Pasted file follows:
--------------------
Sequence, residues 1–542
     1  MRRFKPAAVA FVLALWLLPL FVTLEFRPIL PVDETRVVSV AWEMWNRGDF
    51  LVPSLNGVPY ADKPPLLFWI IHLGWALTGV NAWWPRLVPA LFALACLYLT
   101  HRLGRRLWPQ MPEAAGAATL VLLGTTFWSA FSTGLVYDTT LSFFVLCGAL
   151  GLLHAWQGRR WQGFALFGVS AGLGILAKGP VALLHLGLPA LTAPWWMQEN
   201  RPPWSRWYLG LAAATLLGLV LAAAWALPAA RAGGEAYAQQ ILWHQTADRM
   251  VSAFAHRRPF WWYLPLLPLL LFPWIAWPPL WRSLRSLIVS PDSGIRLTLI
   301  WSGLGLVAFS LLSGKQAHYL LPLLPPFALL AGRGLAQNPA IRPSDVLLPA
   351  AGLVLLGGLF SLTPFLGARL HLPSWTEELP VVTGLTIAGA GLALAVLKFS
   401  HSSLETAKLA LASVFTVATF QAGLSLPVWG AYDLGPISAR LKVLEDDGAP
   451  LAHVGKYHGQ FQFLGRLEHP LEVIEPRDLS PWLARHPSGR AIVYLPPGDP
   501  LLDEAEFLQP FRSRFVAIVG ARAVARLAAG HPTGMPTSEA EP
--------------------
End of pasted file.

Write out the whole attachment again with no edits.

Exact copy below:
Sequence, residues 1–542
     1  MRRFKPAAVA FVLALWLLPL FVTLEFRPIL PVDETRVVSV AWEMWNRGDF
    51  LVPSLNGVPY ADKPPLLFWI IHLGWALTGV NAWWPRLVPA LFALACLYLT
   101  HRLGRRLWPQ MPEAAGAATL VLLGTTFWSA FSTGLVYDTT LSFFVLCGAL
   151  GLLHAWQGRR WQGFALFGVS AGLGILAKGP VALLHLGLPA LTAPWWMQEN
   201  RPPWSRWYLG LAAATLLGLV LAAAWALPAA RAGGEAYAQQ ILWHQTADRM
   251  VSAFAHRRPF WWYLPLLPLL LFPWIAWPPL WRSLRSLIVS PDSGIRLTLI
   301  WSGLGLVAFS LLSGKQAHYL LPLLPPFALL AGRGLAQNPA IRPSDVLLPA
   351  AGLVLLGGLF SLTPFLGARL HLPSWTEELP VVTGLTIAGA GLALAVLKFS
   401  HSSLETAKLA LASVFTVATF QAGLSLPVWG AYDLGPISAR LKVLEDDGAP
   451  LAHVGKYHGQ FQFLGRLEHP LEVIEPRDLS PWLARHPSGR AIVYLPPGDP
   501  LLDEAEFLQP FRSRFVAIVG ARAVARLAAG HPTGMPTSEA EP